The depth question comes into play at linebacker, as well, but Ashari Goins played well in lengthy stretches from mid-season on as a freshman. Bo Brown and Wallace Scott return for their senior seasons. Expect more talent to rise from the redshirt ranks.

Viator jokes that he lost only two star starters from his entire roster, but one happened to be a national All-American, and the other a perennial All-Southland Conference performer.

The All-American was left tackle Antoine Everett, from the offensive line, and the All-SLC was safety Aaron Sam, from the defensive backfield.

Four starters return to the O-line, which has solid depth, as well. The O-line will be led by new offensive line coach and former Cowboy Eman Naghavi. Naghavi takes over from Rob Sale, who accepted the offensive line coach’s job at Georgia during the off season.

Viator praised Sale for his experience and teaching skills. The fact that another Cowboys assistant coach is making the leap to the FBS level and the SEC is a testament to Viator and the McNeese program.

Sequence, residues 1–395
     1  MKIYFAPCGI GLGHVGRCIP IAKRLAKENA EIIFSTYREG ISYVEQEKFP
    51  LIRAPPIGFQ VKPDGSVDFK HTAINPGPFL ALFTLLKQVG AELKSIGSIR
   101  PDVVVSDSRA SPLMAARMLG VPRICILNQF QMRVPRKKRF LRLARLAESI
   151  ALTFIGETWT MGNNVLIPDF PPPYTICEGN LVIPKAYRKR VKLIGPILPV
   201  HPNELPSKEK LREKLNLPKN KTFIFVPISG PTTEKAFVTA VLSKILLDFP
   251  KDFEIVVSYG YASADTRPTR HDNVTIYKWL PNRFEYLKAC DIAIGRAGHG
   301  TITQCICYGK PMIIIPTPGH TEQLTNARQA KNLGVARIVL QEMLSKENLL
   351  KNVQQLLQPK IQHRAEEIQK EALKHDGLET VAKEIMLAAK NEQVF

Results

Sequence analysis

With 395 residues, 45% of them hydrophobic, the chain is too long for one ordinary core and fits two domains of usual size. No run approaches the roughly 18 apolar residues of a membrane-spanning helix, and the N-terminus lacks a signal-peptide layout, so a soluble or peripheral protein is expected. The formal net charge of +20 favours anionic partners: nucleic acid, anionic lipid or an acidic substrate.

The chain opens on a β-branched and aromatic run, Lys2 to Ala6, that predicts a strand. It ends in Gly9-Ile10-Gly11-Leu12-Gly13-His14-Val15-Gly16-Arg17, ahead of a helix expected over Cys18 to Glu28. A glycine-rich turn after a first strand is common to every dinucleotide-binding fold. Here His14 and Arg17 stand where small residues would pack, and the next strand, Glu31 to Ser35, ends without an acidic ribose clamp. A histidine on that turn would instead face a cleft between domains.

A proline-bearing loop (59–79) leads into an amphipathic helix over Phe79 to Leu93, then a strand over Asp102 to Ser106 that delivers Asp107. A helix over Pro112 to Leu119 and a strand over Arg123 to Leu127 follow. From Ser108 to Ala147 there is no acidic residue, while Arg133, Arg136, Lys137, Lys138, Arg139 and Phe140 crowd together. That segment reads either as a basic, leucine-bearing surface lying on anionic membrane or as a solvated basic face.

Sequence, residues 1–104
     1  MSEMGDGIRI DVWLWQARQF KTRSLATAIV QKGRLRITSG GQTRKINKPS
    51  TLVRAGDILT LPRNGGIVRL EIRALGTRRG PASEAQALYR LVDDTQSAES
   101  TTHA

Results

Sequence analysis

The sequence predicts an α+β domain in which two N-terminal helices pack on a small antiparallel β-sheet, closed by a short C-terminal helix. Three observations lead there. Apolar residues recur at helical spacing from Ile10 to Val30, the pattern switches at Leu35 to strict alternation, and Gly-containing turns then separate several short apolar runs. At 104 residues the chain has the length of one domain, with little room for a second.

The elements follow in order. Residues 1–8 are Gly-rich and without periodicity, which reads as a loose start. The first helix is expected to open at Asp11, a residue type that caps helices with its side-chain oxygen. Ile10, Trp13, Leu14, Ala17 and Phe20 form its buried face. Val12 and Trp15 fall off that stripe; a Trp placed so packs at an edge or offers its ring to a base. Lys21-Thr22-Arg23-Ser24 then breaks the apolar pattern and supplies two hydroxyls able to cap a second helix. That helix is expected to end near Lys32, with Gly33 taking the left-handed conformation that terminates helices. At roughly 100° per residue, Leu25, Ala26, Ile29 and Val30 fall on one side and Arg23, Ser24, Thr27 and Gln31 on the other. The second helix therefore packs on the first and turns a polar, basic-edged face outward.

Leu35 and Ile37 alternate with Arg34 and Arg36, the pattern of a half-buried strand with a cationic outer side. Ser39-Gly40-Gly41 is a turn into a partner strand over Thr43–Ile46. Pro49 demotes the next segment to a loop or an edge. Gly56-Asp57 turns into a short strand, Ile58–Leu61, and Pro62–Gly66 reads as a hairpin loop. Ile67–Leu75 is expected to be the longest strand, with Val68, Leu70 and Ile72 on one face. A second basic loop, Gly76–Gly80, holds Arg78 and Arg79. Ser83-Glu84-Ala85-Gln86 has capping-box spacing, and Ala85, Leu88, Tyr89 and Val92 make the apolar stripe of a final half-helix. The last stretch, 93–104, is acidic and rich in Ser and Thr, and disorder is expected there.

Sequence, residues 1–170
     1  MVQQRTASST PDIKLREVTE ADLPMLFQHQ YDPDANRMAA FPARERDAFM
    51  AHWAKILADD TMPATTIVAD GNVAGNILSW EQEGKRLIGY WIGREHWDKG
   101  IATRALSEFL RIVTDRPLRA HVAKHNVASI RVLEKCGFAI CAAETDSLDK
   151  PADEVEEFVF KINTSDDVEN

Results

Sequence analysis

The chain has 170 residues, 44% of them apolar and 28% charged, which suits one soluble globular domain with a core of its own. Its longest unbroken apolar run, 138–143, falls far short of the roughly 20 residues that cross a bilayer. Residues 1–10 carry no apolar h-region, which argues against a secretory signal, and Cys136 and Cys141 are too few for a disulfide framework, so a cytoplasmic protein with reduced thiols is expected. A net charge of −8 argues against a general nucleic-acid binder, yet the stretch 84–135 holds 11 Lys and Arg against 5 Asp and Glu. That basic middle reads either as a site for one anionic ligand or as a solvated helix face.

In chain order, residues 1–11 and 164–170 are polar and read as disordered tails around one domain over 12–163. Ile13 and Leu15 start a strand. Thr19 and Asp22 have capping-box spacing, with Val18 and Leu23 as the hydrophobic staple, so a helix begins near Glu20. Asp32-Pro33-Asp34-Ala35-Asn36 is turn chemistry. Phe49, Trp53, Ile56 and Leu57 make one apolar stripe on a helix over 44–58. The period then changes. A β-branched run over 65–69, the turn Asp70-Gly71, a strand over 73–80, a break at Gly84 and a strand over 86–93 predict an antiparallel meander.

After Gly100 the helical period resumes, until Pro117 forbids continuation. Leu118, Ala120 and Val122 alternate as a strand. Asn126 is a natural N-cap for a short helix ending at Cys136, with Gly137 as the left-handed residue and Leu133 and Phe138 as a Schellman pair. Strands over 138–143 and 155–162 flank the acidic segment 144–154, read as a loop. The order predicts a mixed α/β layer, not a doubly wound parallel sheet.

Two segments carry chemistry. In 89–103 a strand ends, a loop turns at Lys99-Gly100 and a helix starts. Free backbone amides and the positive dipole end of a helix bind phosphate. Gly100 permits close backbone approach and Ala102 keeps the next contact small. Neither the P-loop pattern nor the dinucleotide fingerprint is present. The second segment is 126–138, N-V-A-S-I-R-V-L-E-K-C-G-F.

Sale, who also spent time at LSU (as both player and coach) and Alabama, leaves a foundation of talent for Naghavi to work with.

The former McNeese offensive lineman has spent the last few years at Texas, and brings experience at the position, along with a growing coaching resume.

“More than with any of the other assistant coaching positions, I really like to hire O-Line coaches who have played the position,” says Viator. That playing experience is not so critical in other positions, but it really is for the offensive line. They are a unique group, and very close knit. It’s better to have one of their own, like Eman, as their coach.”

Besides the question of depth, rebuilding the defensive line, and finding someone capable of filling Aaron Sam’s playing and leadership role, the spring practice will also focus on the quarterbacks — yes, the position every arm chair coach loves to debate and dissect.

There are questions and concerns for the Cowboys.

First off: Will Daniel Sams be fully able to practice and throw during early spring drills, as he is coming off a second thumb ligament surgery? He injured the same thumb on his throwing hand during the Southeastern Louisiana game, which ended his junior season early.

Sams’ progress was hampered after his transfer from Kansas State last summer because of the injured thumb he suffered while playing for the Wildcats. His throwing was limited during last August camp, and it showed, with a low 47-percent completion rate during the season.